Gerry Anderson claims a CGI Thunderbirds series is imminent, which should be an improvement over the mid-90s attempt to repackage the original (awesome) 1960s sci-fi marionette series. The 90s effort featured lame "hacker" kids as framing-device narrators -- and then the 2004 live-action film version, directed by (Star Trek's) Jonathan Frakes, was dubbed by Anderson himself "the biggest load of crap I have ever seen in my life."
(I nonetheless saw the film in the theatre, with a small group that included a libertarian weighing about 400 pounds, who sadly later died of a stroke in his mid-forties. He helped run Victor Niederhoffer's monthly Junto gatherings, at one of which I will speak on June 2.)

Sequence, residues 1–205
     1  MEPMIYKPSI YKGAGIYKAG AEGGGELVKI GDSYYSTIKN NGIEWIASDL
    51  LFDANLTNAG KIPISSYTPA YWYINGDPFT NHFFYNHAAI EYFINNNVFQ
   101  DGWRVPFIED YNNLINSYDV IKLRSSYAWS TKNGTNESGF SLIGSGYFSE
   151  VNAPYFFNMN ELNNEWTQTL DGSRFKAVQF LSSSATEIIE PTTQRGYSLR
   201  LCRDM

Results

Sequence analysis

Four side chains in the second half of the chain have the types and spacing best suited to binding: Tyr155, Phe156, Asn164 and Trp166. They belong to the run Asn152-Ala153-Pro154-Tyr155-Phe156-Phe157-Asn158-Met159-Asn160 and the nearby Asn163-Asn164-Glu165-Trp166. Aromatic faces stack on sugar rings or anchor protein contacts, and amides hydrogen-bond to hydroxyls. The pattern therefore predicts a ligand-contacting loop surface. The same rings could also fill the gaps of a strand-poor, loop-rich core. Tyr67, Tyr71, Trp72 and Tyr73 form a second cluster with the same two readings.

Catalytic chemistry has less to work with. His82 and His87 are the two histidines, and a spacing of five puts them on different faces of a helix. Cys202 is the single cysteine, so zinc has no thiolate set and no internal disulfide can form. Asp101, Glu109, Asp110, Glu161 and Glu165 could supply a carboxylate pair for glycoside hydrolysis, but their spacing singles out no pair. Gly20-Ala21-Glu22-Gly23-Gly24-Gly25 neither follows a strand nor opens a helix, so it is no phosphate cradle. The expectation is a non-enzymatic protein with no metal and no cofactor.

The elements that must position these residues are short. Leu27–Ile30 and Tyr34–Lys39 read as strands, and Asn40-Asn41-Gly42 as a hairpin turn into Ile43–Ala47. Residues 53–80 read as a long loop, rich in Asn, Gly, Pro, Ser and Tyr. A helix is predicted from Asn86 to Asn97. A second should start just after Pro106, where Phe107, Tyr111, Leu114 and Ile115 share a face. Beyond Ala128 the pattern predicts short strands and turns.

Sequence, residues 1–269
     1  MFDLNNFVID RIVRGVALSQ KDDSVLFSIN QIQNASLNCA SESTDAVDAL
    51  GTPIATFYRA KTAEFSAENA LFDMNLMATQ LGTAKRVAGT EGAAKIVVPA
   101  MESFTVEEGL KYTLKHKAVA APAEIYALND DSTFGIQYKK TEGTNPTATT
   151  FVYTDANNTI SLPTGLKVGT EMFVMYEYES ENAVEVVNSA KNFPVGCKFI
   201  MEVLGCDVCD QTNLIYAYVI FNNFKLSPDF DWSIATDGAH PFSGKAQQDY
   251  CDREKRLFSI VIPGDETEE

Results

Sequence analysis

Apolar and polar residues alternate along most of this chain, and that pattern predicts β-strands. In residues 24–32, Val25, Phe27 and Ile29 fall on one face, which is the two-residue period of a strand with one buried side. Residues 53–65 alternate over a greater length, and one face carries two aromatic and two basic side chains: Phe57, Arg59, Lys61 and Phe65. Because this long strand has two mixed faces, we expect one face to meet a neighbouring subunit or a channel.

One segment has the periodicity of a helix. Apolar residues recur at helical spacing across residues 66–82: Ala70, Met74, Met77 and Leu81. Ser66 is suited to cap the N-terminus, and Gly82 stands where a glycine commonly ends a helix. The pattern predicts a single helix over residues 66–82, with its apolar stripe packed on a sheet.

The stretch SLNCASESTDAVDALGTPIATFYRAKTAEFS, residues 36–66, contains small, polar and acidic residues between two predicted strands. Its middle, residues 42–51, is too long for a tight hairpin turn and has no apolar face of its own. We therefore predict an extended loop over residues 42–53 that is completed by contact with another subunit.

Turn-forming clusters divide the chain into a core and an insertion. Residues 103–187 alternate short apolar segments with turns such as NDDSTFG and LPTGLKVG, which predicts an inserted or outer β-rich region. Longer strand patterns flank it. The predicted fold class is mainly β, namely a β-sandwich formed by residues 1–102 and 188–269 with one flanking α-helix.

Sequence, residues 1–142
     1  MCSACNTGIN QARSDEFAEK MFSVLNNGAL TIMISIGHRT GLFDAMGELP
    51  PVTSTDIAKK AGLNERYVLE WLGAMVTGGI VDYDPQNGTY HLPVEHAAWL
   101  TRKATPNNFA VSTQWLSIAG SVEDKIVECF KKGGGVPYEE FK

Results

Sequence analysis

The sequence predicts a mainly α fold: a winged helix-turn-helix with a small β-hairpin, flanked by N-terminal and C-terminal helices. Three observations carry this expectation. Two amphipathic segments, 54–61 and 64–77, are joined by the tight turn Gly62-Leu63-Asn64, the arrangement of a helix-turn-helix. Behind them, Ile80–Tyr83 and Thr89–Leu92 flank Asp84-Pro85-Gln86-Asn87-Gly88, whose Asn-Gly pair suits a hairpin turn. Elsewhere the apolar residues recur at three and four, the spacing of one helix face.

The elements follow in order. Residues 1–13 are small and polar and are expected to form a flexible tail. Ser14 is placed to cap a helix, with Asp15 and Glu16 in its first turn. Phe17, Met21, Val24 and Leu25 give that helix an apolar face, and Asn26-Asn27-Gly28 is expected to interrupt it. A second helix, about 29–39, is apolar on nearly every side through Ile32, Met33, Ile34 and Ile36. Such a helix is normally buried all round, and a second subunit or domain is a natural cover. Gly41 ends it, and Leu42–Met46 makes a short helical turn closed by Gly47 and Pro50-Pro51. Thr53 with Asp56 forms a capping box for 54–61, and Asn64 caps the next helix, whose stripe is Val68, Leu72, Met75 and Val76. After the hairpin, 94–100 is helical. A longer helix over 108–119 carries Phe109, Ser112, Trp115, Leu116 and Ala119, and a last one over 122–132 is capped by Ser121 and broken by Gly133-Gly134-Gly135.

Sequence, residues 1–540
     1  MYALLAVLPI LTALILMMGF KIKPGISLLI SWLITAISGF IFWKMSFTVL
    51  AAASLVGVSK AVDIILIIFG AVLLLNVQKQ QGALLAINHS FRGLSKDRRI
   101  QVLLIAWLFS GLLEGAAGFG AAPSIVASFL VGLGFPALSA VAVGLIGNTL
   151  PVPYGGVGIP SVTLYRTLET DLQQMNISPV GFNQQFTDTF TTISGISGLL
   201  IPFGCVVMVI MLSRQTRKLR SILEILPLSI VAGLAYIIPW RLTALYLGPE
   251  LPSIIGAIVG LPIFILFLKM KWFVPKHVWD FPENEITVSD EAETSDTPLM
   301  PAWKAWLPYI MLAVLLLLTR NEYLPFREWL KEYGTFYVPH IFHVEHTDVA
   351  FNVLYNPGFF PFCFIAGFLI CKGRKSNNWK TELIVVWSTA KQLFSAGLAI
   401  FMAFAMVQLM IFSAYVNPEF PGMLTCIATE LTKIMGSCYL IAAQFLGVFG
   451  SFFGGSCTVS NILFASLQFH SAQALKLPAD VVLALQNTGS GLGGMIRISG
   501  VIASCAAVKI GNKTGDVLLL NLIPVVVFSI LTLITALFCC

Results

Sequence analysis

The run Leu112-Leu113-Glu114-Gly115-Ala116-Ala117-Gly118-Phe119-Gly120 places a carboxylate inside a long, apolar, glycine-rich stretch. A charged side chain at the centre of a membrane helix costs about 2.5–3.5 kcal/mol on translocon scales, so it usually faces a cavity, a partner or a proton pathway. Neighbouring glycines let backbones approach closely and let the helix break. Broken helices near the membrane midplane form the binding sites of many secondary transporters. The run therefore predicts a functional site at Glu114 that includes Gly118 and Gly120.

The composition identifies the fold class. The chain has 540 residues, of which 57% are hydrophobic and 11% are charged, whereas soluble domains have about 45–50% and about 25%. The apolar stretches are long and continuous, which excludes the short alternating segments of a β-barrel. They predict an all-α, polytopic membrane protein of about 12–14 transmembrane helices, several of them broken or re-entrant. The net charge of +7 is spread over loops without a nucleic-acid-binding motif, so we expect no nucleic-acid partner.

Needless to say, the influence of the (perfect) Thunderbirds "countdown" opening (note the flying guitar in this iteration) can still be felt in later, more modem and nuanced works such as the (Montreal-made) short "RoboJew vs. Giant Nazi Woman of the SS," a perfect follow-up to Passover.
All right, one more look at the funky opening of Anderson's other best-known series, Space: 1999.
And I finally figured out which episode it was that I remembered mesmerizing me as a kid: "Dragon's Domain," in which the Lovecraftian tentacled beast seen in the clip linked here killed a spaceship crew, regurgitating their charred corpses from its glowing tunnel of a maw almost immediately each time it did so (that was alarming to a six-year-old, I must say), leaving one semi-hypnotized survivor (years before the Moon and the Alphans were blown out of orbit to begin their spacefaring journey), who now fears the creature is returning, even as flashbacks reveal no one believed him about the beast the first time around.